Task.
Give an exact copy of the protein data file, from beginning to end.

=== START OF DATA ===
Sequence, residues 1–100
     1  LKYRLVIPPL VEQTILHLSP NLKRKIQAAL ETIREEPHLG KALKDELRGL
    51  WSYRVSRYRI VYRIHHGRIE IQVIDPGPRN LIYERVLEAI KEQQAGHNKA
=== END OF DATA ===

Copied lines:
Sequence, residues 1–100
     1  LKYRLVIPPL VEQTILHLSP NLKRKIQAAL ETIREEPHLG KALKDELRGL
    51  WSYRVSRYRI VYRIHHGRIE IQVIDPGPRN LIYERVLEAI KEQQAGHNKA